That's encouraging. I have a feeling that those who are adamantly against rail regardless of the data you throw at them aren't going to be swayed by the streetcar whatsoever. But thankfully those people, though vocal, don't seem to make up the majority when I talk to people about rail. The average person might not understand the streetcar currently but this is in the same way they didn't understand the renovations of Fountain Square and Washington Park, or the construction of The Banks, but after seeing them in person being successful, change their minds. These are the people we should be focusing our energy on. The population might be hesitant at times, but when people see something turned out nice in person they're likely to better understand it. Most people here haven't ever used rail transit and it's still a foreign concept to them so it's not surprising many people misunderstand or don't initially support projects like the streetcar. The future looks bright though for expansion regardless of our awful leadership at the mayoral level.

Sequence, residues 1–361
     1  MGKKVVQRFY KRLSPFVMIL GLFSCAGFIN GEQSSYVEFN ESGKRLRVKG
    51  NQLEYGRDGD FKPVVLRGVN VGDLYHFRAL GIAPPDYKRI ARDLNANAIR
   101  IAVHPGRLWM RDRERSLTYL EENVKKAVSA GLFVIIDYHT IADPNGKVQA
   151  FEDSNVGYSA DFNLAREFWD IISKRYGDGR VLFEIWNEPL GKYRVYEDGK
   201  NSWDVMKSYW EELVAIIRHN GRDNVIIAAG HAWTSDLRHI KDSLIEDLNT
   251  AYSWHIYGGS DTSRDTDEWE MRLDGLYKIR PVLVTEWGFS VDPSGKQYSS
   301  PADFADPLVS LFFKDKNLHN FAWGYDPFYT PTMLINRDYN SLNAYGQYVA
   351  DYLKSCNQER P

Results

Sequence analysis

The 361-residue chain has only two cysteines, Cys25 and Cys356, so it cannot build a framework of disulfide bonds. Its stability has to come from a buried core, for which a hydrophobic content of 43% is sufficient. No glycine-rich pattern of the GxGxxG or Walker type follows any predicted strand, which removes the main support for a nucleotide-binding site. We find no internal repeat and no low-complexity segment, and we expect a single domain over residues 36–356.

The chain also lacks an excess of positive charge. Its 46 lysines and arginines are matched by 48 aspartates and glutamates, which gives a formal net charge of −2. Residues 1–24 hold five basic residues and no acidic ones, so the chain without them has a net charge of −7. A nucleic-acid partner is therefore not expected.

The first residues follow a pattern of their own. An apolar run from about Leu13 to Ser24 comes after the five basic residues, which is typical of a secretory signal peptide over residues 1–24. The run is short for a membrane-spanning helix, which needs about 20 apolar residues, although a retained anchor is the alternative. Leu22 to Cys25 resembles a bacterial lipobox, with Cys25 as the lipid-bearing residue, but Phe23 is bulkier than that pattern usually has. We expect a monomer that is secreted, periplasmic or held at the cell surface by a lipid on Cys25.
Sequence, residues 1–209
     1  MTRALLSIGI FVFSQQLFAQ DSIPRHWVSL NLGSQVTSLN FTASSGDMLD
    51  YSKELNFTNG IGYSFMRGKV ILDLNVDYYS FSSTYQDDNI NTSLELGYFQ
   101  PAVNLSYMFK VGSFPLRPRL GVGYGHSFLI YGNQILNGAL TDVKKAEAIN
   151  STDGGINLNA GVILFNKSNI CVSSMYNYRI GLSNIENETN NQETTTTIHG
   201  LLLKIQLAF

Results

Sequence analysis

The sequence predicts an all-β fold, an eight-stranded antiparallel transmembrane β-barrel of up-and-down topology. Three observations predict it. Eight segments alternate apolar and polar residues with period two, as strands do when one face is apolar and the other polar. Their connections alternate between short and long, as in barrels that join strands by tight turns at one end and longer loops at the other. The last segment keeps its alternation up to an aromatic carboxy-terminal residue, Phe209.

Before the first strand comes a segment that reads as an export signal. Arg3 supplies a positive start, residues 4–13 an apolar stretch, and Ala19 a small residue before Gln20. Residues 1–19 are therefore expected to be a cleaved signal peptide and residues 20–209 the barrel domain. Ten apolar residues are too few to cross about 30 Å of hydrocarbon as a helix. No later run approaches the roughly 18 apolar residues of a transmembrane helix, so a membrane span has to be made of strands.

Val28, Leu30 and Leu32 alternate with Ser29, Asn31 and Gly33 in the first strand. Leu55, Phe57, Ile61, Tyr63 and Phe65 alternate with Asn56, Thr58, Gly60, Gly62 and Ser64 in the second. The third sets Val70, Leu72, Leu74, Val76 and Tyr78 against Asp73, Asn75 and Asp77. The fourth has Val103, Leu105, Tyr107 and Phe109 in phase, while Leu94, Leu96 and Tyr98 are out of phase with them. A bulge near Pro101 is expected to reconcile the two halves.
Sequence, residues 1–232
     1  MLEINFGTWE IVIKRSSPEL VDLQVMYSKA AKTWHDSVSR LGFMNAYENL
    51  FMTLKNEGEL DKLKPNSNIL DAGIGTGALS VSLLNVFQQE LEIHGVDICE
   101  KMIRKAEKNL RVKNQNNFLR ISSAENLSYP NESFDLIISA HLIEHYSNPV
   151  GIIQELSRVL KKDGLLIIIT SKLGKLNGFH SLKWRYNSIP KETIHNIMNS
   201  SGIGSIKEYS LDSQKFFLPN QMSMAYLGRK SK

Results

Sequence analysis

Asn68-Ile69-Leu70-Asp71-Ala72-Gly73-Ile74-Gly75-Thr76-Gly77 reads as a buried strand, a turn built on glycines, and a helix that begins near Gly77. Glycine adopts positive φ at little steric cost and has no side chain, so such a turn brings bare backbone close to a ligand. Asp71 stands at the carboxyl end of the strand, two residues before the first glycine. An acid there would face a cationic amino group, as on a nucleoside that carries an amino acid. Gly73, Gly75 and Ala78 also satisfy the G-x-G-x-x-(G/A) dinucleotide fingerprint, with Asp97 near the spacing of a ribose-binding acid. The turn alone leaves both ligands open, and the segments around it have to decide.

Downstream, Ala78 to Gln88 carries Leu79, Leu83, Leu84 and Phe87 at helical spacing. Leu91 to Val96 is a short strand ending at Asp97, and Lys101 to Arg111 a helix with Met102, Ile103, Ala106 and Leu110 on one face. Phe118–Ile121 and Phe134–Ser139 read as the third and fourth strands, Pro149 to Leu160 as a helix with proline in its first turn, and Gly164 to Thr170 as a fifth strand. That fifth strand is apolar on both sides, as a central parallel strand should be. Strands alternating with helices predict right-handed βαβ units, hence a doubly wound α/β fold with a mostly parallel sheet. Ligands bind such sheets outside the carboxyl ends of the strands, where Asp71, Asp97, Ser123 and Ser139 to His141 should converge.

Share this post


Link to post
Share on other sites

That and people are generally selfish (and I don't mean that in a bad way). When one neighborhood thrives and people are riding the streetcar en masse through OTR and Downtown, people in adjacent neighborhoods are going to be of the, "hey, I want that here it isn't fair it stops right before entering our neighborhood" mindset. Then you have places like Uptown, Walnut Hills, Price Hill, etc. all wanting to get in on it too so they aren't left out. It always seems like after the first phase of any streetcar or rail project these days that subsequent phases happen significantly sooner/faster. Is there any compiled data anywhere to support that theory?

Share this post


Link to post
Share on other sites